“There are more Pakistanis who’ve been killed by terrorists inside Pakistan than probably anywhere else,” Obama said. (Reuters)

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It is disgusting that President Obama has to go to such lengths to hide his discussions with the Bharati government. Kashmir is disputed territory per several UN resolutions and the US recognizes the dispute. President Obama has let down millions of Kashmiris and Sikhs during this trip by not addressing them while in the land of the Call Centers.

Stephen Cohen: US’s biggest Pakistanphobe

November 1, 2010 Leave a comment

Stephen Cohen: US’s biggest Pakistanphobe

US President Barack Obama’s arrival in India next weekend will be an important marker in the rapidly evolving ties between the two countries, which have more shared interests today than at any other time in the past.

But can they break new ground on complex issues of the day, like the new clout that China wields or the dangerous stalemate on the AfghanistanPakistan front?

Stephen P Cohen, currently a senior fellow at the Brookings Institution, a Washington-based think-tank, who has written several books on the geopolitics of the region, discussed what’s possible, in an interview with DNA during a recent visit to Mumbai. Excerpts:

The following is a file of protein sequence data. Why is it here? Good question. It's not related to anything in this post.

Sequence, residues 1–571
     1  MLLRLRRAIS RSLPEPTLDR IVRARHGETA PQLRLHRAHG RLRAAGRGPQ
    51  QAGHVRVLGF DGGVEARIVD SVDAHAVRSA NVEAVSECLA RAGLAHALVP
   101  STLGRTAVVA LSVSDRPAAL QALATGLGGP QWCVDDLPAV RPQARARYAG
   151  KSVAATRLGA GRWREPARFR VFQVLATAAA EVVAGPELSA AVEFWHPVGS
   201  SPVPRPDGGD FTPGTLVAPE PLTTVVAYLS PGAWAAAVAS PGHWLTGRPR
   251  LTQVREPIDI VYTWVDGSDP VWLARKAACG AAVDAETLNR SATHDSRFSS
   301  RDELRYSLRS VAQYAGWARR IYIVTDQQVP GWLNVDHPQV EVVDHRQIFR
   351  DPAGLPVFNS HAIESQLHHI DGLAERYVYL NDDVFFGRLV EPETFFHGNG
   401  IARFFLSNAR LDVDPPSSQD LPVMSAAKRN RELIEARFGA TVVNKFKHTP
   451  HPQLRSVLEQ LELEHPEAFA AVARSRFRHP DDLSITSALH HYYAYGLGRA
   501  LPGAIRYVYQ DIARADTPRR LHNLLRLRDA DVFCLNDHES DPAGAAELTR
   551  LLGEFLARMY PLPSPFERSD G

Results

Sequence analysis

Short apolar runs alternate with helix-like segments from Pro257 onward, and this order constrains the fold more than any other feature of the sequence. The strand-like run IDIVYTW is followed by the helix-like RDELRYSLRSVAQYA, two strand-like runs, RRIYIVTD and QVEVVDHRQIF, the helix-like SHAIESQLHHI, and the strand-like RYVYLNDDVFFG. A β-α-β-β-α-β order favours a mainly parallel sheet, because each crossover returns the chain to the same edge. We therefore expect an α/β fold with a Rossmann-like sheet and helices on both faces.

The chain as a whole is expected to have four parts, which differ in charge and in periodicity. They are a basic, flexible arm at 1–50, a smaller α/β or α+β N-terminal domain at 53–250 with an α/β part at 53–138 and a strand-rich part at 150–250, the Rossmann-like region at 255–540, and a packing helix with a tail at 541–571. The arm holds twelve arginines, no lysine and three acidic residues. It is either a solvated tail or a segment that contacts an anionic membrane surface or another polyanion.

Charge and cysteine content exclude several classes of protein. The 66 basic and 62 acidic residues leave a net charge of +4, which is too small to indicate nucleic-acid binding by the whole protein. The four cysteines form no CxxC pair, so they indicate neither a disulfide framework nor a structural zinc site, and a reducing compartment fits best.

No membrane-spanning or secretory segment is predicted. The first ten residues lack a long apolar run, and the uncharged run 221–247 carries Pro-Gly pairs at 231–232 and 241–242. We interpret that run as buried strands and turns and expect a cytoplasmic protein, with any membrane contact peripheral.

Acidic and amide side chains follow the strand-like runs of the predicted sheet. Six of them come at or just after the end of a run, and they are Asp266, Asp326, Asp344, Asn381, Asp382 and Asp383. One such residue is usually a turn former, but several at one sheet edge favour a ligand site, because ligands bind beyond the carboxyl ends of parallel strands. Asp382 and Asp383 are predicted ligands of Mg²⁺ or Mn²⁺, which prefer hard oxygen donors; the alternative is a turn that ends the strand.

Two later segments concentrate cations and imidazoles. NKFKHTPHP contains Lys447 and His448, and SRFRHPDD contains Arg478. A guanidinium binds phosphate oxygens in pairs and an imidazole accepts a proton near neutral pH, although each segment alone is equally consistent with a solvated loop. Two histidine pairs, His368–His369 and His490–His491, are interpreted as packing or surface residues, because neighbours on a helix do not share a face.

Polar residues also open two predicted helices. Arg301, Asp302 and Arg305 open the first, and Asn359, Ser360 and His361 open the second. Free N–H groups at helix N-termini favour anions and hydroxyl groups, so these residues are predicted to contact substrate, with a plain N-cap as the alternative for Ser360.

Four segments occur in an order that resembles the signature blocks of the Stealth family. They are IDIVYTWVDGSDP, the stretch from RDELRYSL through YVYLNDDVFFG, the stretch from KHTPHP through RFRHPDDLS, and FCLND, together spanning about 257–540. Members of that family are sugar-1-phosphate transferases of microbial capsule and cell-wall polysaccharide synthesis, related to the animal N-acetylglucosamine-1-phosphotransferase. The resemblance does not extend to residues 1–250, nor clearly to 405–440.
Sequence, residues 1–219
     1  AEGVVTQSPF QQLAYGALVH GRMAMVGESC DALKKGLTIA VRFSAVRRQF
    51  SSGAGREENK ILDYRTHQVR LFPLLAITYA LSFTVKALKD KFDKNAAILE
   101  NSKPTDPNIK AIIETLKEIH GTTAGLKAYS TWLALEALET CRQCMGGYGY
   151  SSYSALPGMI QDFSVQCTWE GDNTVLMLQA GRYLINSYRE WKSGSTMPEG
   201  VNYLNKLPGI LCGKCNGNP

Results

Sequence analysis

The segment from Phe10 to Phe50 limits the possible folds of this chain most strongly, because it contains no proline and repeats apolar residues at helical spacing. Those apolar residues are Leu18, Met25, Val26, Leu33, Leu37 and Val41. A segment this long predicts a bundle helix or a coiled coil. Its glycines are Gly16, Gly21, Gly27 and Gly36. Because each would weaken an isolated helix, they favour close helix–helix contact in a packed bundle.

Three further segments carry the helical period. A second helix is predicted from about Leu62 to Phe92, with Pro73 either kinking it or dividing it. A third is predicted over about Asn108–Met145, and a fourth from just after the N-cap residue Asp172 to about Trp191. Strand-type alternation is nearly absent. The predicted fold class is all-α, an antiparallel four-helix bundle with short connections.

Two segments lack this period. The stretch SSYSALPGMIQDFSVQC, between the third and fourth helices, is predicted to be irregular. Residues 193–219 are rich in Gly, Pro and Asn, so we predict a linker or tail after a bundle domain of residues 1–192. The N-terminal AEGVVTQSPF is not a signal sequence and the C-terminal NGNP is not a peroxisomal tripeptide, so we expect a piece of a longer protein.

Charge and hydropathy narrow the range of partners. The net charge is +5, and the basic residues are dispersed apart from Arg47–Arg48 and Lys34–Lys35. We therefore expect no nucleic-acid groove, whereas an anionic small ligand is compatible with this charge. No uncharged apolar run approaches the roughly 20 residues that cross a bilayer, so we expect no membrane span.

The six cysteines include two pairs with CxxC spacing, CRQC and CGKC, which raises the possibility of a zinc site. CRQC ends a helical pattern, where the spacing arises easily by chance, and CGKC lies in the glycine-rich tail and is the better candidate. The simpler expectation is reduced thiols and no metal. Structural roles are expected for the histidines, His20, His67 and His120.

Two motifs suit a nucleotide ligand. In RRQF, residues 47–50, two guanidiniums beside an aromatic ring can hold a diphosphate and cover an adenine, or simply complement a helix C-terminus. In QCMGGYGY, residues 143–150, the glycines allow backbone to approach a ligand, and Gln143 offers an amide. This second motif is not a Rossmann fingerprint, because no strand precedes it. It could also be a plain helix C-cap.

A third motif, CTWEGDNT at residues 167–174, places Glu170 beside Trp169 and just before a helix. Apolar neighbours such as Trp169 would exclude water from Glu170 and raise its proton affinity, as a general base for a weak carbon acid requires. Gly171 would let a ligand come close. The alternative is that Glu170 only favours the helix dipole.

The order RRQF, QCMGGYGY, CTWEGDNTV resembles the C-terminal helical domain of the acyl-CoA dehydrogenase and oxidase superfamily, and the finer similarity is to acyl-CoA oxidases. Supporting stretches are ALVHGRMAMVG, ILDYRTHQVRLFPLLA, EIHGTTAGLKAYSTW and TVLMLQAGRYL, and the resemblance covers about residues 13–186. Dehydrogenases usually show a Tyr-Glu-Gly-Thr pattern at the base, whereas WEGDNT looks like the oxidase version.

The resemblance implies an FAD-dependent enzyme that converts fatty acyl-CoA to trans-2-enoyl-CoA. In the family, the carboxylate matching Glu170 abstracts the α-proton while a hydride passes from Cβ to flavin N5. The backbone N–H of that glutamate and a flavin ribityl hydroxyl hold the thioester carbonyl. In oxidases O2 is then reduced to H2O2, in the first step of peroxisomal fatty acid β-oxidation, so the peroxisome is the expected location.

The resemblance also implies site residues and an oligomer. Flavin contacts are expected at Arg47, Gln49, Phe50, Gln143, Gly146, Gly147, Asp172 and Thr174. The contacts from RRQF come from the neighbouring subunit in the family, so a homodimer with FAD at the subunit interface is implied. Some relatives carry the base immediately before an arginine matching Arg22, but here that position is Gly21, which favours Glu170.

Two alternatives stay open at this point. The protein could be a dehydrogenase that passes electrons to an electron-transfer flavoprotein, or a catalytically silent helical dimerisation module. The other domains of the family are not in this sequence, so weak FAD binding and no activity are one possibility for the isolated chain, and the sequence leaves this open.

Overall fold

What does the recent Chinese browbeating of Japan, forcing the release of a ship’s captain who had strayed into Japanese waters, indicate to us about how the geopolitics of the region is evolving? Do you see China becoming increasingly assertive?

I’m not sure whether it was mismanagement by China or assertiveness by China. I remember at the beginning of the Bush administration, they brought down an American airplane, and it was seen to be an assertive, aggressive China, but it turned out to be the reaction of a single People’s Liberation Army (PLA) pilot. So I don’t think you can draw a large picture of the region from a single action.

On the other hand, the Chinese have had an obsession with Japan for a long time. It’s part of their culture and history. They teach their kids in school about Japanese aggression during World War II and so forth.